In the morning you can already feel that this is going to be a sizzling hot day. It’s still quite early when we walk down the Via Pisana towards the Palazzo Pitti, the former Medici residence that houses several museums today. After half an hour, we reach the big Piazza de’ Pitti, a rectangular place built on a rather steep slope. At the upper part of it rises the main façade of our famous palace. It’s an impressive, one could even say threateningly bulky building, but it doesn’t seem to impress all those inevitable pigeons coo-coo-cooing around on the cobblestones, looking for food and making their typical, abrupt head movements. Oh, pigeons—without them an Italian piazza wouldn’t be a real Italian piazza!
It must be 9:30 am; the ticket booths are not overrun by crowds yet. We study the list of tickets available, a list that clearly states, “I dare you to understand me" (or in other words: totally obscure). Finally, we take the most expensive ticket simply because it allows us to visit all the different parts of the palace as well as the Giardino di Boboli and the Giardino Bardini, the name of which vaguely rings a bell.
First floor: the Palatine Gallery, the private paintings’ collection the Medicis and their successors have assembled over the centuries. We proceed from room to room, understanding at last the meaning of the famous “Stendhal syndrome”. We’re almost crushed by all these splendid chandeliers and all these gilded and frescoed ceilings, all these statues, all this inlaid furniture. On the walls, paintings by some of the biggest names, be they Italian (Titian, Tintoretto, Perugino, Caravagio, Raphael, Veronese, Botticelli), Flamish (Rubens, Van Dyck) or Spanish (Velasquez, for instance). An archangel Gabriel here, smiling enigmatically; a Saint with an emaciated and ecstatic face there; a Virgin Mary gazing at her baby Jesus with an infinitely sweet look. We thought that too much art would bore us quickly. Yet the contrary turns out to be true. We also discover a lot of painters we didn’t even know existed until now. Carlo Dolci, for example, who worked during the 17th century and whose paintings with their shiny red and blue hues look as if painted only yesterday.
Then, we proceed to the Royal Apartments, used until 1920 by several "crowned heads" (members of the Medici family, Habsburgs, then Napoleon, who had an amazing white marble bathroom installed, and finally the Kings of Italy). The “Stendhal syndrome” threatens yet again as there are so many beautiful things to see: walls covered with shimmering cloth, crystal chandeliers, ceramic stoves, paintings, and two of the highlights, the Throne Hall and the bedroom. When we leave that part, we notice it’s time to eat. Our tickets allow us to come and go as we like today, so we try out the narrow lanes around the Palazzo Pitti. We choose a small bar. The young waiter is exceedingly welcoming, cute as they come, too, and his French turns out to be excellent. We order some pasta each, followed by a nice lil’, homemade cake. What can we say? The weather is fine, Florence—and the waiter—are smiling at us, lunch is perfect… la vita is bella, after all!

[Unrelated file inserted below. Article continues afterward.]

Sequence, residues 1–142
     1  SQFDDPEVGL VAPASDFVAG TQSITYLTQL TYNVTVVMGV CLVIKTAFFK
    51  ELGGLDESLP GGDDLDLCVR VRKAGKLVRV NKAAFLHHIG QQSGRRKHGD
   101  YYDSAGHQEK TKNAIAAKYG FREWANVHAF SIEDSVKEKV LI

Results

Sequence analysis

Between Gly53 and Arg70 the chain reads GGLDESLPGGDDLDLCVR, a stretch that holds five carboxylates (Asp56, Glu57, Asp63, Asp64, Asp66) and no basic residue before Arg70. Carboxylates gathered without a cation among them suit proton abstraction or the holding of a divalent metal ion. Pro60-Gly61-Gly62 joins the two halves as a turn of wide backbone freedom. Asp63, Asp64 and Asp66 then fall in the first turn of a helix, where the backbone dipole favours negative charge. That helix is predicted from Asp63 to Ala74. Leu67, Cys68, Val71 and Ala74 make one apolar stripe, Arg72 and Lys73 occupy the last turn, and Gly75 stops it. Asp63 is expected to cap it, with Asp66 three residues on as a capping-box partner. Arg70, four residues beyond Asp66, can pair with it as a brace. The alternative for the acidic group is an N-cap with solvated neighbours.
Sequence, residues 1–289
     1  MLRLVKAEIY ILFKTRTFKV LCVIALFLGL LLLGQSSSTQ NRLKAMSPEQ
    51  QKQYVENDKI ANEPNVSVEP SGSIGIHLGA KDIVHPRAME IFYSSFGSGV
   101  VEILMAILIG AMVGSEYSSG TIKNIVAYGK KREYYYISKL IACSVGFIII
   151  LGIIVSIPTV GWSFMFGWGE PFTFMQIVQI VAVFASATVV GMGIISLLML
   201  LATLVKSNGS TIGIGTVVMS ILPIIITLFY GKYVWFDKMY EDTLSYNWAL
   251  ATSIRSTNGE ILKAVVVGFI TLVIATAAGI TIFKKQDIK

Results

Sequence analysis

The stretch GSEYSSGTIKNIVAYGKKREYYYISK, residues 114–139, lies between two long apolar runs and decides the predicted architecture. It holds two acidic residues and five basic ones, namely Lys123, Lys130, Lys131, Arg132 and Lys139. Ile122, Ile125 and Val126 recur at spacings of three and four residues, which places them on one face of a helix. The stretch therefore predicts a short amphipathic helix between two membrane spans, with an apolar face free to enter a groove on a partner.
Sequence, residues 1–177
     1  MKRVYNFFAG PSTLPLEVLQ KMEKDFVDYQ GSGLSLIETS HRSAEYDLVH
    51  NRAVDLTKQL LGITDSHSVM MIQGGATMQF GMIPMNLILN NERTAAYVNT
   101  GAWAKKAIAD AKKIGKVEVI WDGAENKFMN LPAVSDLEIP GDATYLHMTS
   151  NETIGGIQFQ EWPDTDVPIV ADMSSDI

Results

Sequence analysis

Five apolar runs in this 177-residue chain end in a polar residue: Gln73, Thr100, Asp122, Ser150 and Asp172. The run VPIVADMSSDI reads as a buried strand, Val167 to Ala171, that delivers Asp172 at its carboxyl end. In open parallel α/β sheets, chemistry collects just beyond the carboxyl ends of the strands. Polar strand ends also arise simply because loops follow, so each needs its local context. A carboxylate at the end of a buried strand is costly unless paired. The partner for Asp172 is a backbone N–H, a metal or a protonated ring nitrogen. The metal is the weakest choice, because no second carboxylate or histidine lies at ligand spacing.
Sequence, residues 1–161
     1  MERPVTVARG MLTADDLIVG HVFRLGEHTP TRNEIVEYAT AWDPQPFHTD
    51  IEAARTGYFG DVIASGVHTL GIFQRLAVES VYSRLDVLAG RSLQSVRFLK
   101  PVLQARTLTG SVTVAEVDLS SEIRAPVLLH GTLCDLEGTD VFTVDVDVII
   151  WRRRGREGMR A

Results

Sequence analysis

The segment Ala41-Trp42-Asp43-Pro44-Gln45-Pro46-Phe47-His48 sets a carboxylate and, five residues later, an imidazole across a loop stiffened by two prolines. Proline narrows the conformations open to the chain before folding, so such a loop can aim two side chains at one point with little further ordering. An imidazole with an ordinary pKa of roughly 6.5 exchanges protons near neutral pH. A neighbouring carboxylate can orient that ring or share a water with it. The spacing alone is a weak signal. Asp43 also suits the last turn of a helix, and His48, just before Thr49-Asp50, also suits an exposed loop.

After lunch, back to art. The Silver Museum is situated on the ground floor of the palace. It’s an astounding collection of precious objects also called the “Medici Treasure”: cameos, other trinkets, cups, reliquaries, cases and other pieces of decoration, golden ones, silver ones, some made of ivory, some of amber, others of jade, with semi-precious stones galore… Somewhat ashamedly we think of the poor, silver-plated cutlery we always use on weekends.
Then, it’s time to climb up to the Costume Gallery on the last floor. Our guidebooks promised us clothes dating back to the 16th century and worn by the Medicis themselves, but go figure why—are they being washed today or did they vanish in sudden combustion—we don’t find them anywhere. Not even a glimpse, not even some knickers, niente, nada, only clothes from the 19th and 20th centuries. Big deception!
We finish our visit by entering the Gallery of Modern Art, which contains paintings of the 17th, 18th and 19th centuries, with some very fine discoveries again. Yet after so many hours dedicated to art, Didi feels a sudden bout of “Stendhal syndrome”. “I’m overdosing on old daubs!” he exclaims before running through the remaining rooms as if chased by a ghost. Seb takes a last moment to stop at a window and take a photo of the wonderful view over the city, then he follows his man. On the ground floor, we smoke a cigarette and drink some water. There’s the Carriages Museum to visit, but we decide we’ll do it next time…
GOOD TO KNOW
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